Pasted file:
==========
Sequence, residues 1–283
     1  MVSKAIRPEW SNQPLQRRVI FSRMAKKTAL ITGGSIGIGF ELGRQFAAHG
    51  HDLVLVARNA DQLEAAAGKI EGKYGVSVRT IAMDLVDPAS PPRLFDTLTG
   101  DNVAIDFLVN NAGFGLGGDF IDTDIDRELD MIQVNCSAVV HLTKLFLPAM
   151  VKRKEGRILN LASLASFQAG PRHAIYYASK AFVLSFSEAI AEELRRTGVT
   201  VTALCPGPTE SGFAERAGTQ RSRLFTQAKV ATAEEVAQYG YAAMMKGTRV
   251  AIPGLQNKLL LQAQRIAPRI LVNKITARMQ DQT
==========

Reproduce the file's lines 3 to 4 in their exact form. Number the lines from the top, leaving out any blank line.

    51  HDLVLVARNA DQLEAAAGKI EGKYGVSVRT IAMDLVDPAS PPRLFDTLTG
   101  DNVAIDFLVN NAGFGLGGDF IDTDIDRELD MIQVNCSAVV HLTKLFLPAM